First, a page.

How mobile and big data are changing retail marketing
In today’s competitive retail environment, mobile and data analytics are indispensable tools for reaching prospective customers and building brand loyalty. Executives from Branding Brand, Neiman Marcus and Touch of Modern share insights on how they are using marketing, mobile and data analytics to grow revenues, personalize customer experiences and foster strategic alignment. The three will be sharing their experiences in breakout sessions at Retail’s BIG Show in January.
The mobile future, today
For many retailers, mobile has shifted from a long-term consideration to the driving force for growth, delivering new customers and revenues — right now. “Mobile is the primary growth channel, traffic channel and soon to be revenue channel for e-commerce,” says Chris Mason, CEO and co-founder of Branding Brand, a digital platform that helps retailers build app, web and in-store shopping experiences. “New customers typically first interact with a brand online through mobile web and once they become a loyal customer, adopt their app,” he says.
So what is it about mobile that makes it a great tool for marketers and retailers looking to tap new customers? The answer lies in mobile’s layout. “Mobile customers are more captive,” says Jerry Hum, co-founder and CEO of Touch of Modern, an online retailer for men. “There’s limited screen space and they’re less likely to leave the funnel once they’ve entered. They’re also more likely to scroll and browse through lots of content quickly.”
Personalizing experiences with mobile data
Mobile also offers an unprecedented and invaluable window into consumer behavior. By offering a host of insights on customers’ preferences, experiences and loyalty, mobile data enables retailers to optimize their investments like never before. “Being able to analyze customer usage data on mobile web and compare it to app engagement, commerce and store visits data tells you the full picture of the value of your customer in one system,” Mason says. “More importantly, it helps you understand how you should be investing in a frequency or loyalty program and how to optimize your media mix.”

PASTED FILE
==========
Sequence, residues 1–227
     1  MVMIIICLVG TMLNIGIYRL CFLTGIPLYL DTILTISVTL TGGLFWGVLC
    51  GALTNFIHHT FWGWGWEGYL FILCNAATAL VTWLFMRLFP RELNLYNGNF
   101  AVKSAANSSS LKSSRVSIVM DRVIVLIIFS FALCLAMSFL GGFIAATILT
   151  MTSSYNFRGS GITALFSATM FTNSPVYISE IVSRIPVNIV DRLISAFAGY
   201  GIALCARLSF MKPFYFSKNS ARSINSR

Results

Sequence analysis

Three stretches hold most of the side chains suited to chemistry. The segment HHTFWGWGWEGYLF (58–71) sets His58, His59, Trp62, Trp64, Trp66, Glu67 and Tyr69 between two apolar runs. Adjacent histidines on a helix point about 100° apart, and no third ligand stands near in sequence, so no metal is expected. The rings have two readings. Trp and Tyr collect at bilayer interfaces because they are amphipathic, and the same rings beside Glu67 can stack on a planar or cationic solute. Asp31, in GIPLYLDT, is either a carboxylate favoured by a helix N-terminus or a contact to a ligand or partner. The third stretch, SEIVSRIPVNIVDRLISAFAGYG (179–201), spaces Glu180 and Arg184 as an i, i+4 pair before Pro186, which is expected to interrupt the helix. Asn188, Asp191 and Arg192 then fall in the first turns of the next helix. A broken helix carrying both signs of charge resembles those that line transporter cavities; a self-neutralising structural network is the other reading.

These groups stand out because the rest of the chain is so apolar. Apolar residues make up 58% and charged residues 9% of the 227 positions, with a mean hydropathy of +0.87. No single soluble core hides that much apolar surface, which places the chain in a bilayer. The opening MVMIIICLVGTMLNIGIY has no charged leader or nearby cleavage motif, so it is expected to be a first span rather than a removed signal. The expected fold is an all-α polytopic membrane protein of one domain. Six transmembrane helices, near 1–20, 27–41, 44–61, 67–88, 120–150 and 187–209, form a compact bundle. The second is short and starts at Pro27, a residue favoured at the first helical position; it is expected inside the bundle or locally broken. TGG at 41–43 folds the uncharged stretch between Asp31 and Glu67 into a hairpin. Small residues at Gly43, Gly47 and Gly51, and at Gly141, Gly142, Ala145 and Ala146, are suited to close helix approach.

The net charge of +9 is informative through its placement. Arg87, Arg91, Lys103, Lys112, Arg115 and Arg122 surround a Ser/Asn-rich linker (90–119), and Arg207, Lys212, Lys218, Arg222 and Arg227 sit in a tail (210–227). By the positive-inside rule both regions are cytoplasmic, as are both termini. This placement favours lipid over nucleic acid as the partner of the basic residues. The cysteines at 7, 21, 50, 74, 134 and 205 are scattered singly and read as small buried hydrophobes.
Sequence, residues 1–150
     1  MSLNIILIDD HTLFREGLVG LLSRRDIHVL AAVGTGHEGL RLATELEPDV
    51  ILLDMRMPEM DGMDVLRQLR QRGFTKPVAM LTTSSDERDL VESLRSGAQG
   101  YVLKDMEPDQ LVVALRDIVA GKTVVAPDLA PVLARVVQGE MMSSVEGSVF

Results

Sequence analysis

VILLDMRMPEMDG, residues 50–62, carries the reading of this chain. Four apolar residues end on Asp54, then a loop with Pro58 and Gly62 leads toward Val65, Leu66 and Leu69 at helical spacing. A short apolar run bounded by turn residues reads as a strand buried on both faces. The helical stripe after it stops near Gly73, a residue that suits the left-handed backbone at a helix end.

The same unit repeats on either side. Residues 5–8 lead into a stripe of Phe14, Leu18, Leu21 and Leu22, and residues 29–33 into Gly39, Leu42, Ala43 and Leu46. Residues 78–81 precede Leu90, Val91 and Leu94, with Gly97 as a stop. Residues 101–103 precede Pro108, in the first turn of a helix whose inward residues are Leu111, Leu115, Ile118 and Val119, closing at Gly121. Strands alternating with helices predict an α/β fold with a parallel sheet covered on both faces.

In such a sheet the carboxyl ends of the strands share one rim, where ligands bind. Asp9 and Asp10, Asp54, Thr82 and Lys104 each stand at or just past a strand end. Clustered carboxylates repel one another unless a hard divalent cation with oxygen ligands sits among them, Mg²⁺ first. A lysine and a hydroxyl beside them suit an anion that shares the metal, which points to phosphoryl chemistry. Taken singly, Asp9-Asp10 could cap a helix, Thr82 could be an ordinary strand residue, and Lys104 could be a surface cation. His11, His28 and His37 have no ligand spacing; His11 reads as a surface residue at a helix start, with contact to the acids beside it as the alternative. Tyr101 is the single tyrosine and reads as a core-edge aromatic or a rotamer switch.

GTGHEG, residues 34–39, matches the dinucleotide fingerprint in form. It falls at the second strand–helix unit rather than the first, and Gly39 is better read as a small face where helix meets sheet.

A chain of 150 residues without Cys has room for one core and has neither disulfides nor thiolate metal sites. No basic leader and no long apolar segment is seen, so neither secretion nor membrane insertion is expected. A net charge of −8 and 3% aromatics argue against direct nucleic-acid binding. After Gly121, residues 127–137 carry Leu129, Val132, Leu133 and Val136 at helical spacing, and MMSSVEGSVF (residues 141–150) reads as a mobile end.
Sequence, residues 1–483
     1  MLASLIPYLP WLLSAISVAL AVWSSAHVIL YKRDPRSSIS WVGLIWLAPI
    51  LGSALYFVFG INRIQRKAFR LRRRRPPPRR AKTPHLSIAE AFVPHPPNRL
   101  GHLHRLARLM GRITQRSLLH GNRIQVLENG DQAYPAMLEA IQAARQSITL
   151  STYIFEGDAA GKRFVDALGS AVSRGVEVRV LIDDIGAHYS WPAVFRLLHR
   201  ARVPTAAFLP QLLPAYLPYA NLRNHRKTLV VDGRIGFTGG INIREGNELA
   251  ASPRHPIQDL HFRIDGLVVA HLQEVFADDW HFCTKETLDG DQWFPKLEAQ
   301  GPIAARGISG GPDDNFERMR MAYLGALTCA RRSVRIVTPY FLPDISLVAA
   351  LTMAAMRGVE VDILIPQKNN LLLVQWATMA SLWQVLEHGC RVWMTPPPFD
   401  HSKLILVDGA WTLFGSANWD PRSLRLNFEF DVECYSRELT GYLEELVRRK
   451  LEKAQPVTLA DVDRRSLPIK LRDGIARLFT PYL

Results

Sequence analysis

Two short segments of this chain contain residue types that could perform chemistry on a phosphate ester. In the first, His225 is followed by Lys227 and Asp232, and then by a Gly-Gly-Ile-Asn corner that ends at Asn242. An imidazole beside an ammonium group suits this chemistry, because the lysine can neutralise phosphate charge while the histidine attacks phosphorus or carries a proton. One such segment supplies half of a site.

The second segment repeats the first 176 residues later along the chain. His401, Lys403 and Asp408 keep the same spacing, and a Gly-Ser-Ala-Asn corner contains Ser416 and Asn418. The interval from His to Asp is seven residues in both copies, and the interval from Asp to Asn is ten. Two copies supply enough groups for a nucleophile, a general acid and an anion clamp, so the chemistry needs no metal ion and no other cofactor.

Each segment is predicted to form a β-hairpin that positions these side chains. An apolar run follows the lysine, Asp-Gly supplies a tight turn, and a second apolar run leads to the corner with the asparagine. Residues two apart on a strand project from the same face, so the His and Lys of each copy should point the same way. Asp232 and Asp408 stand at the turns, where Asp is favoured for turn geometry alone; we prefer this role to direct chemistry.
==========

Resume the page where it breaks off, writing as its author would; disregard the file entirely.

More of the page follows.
Retailers are constantly experimenting with ways to reach new customers, and there are still opportunities for improvement and refinement. “Right now customer acquisition is too costly, and retention models bombard customers with messaging across multiple channels in the hopes of reengaging them,” Mason says.
Retailers can surmount this problem by using mobile customer data to personalize the user experience. “Mobile will unlock the data that allows for a better customer experience and truly personalizing the experience based on engagement per user — not just aggregate trends,” Mason says.
Don’t let data go to waste
Despite the ubiquity of mobile, many retailers still commit a critical mistake: hesitating to use the consumer data they already have. “Too often people think simply collecting data will lead to insights, but the only way it will have an impact is if people start using it,” says Jeff Rosenfeld, VP of customer insight and analytics at Neiman Marcus. “I've heard too many stories of companies waiting to analyze their data because it has flaws or they are missing something. At the current rate of industry change, our data will always be a bit behind what we ideally would like. Don't wait for perfection — dig in and start looking at what you have, however big or small.”
In the long run, data will provide key insights into consumer behavior, which will both drive alignment within companies and help executive teams set priorities and long-term goals. “Everyone thinks their gut instincts are right, and these instincts may point in different directions among key decision makers,” Rosenfeld says. “Having information backed by data can bring strong strategic alignment. Extending those metrics to memorable statements like ‘1 percent improvement in X metric will improve our sales by Y dollars,’ can really bring people together to work toward a common goal and drive change.”
From internal alignment to external engagement, mobile and an accompanying wave of data are transforming retail. Pioneers in the industry have realized that mobile is no longer a wishful trend or distant projection — it is a fundamental force of today’s retail world. Those who will succeed are already experimenting, analyzing and implementing to find what works best.
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NRF members come from more than 45 countries and all sectors of retail, from Main Street merchants to online retailers.